Stoking-Up Fruitful Partnerships
Why, when there are around 200 churches within four miles of its railway station, was Stoke-on-Trent chosen to host FIEC’s seventh regional Gospel Vision Evening?
The polycentric city of Stoke-on-Trent, formed in 1910 by the federation of six towns, has certainly had its share of challenging times. Once the heart of a thriving pottery industry, the local economy was thrust into turmoil in the 1980s and 90s with the outsourcing of its manufacturing overseas.
High unemployment trapped the city and its surrounding areas (where the decline in coal mining had also taken its toll) into a seemingly inescapable state of multiple deprivation, giving the population little hope for the future.
Thankfully, regeneration plans centred on a multi-million pound city centre retail and leisure development, are now helping locals to feel optimistic about the future. But it’s feared that, without firm gospel foundations in people’s lives, that hope may only be temporary.
That’s why the North Staffordshire Fellowship of Evangelical Churches, which formed over 20 years ago, has been providing a forum for local pastors and church congregations to meet and be mutually encouraged. And that’s also why a team from FIEC staged one of its ad-hoc regional vision evenings there in late November.
With a backdrop of many relationships between churches already having been formed, we were keen to provide a forum for those friendships to deepen into fruitful partnerships.
We also wanted to lift our eyes to the wider gospel needs of the region and of Great Britain, so the theme of our discussion, as we met at the Moat House Hotel in Hanley, was ‘how can independent gospel churches work together to reach people for Christ?’.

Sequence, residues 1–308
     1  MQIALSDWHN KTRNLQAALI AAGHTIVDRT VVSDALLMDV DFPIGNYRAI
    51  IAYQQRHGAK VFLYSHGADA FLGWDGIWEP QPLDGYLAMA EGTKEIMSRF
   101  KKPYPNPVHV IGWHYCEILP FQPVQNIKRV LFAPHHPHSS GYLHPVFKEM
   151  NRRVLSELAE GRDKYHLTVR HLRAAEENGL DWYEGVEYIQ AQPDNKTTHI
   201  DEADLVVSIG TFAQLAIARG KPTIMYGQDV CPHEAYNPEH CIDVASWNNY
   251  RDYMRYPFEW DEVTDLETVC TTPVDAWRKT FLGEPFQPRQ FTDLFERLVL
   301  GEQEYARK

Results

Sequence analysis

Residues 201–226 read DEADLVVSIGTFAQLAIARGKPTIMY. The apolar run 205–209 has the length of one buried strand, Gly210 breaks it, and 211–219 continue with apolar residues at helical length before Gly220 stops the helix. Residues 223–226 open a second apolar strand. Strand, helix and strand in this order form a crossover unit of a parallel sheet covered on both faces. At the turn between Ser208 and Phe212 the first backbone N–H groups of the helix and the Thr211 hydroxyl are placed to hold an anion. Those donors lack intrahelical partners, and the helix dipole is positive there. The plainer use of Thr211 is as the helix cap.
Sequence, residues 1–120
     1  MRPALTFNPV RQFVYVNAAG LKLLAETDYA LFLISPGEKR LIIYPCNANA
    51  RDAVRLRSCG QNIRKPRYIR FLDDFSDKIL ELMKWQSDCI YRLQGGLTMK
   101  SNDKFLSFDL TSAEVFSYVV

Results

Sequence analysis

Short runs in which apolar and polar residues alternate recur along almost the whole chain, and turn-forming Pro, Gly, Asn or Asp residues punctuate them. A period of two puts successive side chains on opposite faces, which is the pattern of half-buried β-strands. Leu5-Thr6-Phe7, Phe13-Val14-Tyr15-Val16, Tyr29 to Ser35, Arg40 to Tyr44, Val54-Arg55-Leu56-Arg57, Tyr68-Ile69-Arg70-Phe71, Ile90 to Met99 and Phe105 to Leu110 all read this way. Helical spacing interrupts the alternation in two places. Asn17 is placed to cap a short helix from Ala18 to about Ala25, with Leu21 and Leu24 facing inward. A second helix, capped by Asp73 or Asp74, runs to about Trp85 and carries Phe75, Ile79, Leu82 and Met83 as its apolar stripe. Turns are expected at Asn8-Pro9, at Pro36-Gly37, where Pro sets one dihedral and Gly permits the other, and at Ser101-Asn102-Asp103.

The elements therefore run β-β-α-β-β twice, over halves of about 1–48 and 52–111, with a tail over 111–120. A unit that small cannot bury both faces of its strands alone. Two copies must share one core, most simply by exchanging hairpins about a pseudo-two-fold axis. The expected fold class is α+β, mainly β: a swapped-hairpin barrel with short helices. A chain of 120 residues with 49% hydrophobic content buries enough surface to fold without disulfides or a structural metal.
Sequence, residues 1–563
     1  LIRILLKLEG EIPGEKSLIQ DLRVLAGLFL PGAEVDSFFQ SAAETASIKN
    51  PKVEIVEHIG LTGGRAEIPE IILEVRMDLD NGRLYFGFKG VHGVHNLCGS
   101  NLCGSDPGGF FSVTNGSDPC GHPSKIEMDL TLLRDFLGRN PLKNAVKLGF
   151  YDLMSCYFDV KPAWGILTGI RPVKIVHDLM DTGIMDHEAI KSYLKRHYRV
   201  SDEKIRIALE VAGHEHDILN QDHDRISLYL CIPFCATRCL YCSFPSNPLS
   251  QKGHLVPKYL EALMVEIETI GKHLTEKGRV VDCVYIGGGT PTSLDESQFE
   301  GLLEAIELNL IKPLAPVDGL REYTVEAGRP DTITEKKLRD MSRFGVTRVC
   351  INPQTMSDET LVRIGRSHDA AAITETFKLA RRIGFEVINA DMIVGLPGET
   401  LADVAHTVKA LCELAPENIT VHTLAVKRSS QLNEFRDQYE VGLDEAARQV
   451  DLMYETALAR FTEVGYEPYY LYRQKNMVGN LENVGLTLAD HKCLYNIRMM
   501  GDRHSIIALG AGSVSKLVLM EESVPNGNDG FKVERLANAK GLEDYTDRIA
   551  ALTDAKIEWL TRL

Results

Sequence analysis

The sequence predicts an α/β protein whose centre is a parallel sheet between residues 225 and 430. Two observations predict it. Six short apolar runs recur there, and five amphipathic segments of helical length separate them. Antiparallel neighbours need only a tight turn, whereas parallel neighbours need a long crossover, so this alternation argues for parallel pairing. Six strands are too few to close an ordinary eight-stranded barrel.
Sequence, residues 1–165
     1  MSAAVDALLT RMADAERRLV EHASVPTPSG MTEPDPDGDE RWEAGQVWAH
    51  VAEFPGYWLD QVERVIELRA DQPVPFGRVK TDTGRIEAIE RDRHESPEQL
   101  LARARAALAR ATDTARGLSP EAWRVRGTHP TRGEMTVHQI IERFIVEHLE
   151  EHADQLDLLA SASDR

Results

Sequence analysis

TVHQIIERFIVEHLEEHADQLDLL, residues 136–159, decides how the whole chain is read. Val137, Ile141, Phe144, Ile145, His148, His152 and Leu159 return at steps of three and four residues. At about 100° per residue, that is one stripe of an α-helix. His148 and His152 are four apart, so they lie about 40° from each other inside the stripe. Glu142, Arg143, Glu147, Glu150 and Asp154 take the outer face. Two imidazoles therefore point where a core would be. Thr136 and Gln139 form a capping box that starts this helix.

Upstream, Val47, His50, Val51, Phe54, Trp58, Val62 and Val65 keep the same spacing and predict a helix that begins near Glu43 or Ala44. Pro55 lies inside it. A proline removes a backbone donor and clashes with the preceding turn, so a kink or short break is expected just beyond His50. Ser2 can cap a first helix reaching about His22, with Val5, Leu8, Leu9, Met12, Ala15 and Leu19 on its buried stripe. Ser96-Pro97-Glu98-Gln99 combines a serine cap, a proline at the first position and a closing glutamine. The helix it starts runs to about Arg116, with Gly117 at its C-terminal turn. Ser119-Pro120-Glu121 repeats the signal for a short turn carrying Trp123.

Almost 40 leaders from eight churches in Staffordshire, South Cheshire and beyond gathered for the evening. It was a really encouraging time of sharing food, news and prayer, and outlining a gospel vision together.
We were galvanised in our thinking as FIEC National Director John Stevens and Associate National Director Adrian Reynolds brought us a dose of reality in the shape of the paucity of born-again Christians in Great Britain. Even in its most generous measure, that’s perhaps no more than three per cent (with the proportion of conservative evangelicals being much smaller).
Stoke is unlikely to vary much from the national average, and I might have felt overwhelmed by the scale of the task ahead of us at that point. Yet, with a reminder of God’s heart for the lost, I actually came away with a renewed sense of the exciting gospel opportunities that are before us.
Some of the best encouragements of the evening came from pastors giving personal accounts of how they see God at work in their daily church and community business.
They included Pastor Jon Mason of Park Church Stoke, who had just experienced his first FIEC Leaders’ Conference. He spoke of his sense that we are in exciting times for the gospel (and for FIEC).
Jon’s church, which meets in Shelton, Stoke-on-Trent, is ‘bursting at the seams’, and the leaders there are looking at how best they could accommodate further growth.
All those present seemed encouraged to hear of examples from elsewhere of how churches are beginning to work more closely together, rather than just meeting together, for gospel outcomes.
Johnny Prime, another of FIEC’s Associate National Directors, gave a stirring account of how our Gospel Vision Evening in Suffolk in September 2017 had catalysed plans for church planting and revitalisation.
Our prayers for Stoke and for the rest of Staffordshire are that a similar vision may be caught, and we look forward to the discussions continuing.
If you’re interested in hosting an FIEC Gospel Vision Evening in your region, please get in touch with our planning team.
Photo of Stoke-on-Trent by Rept0n1x on Flickr (CC BY-SA 2.0)